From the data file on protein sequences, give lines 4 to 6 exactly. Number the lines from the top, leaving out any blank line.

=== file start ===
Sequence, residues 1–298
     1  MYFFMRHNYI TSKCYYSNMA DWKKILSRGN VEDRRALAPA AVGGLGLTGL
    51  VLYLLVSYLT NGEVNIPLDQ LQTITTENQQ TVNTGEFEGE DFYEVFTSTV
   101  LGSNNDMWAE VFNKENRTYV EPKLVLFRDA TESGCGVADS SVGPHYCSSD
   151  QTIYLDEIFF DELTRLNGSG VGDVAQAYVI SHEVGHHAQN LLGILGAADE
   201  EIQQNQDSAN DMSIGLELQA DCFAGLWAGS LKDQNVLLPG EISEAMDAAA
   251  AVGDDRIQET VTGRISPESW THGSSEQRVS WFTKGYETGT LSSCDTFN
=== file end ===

   101  LGSNNDMWAE VFNKENRTYV EPKLVLFRDA TESGCGVADS SVGPHYCSSD
   151  QTIYLDEIFF DELTRLNGSG VGDVAQAYVI SHEVGHHAQN LLGILGAADE
   201  EIQQNQDSAN DMSIGLELQA DCFAGLWAGS LKDQNVLLPG EISEAMDAAA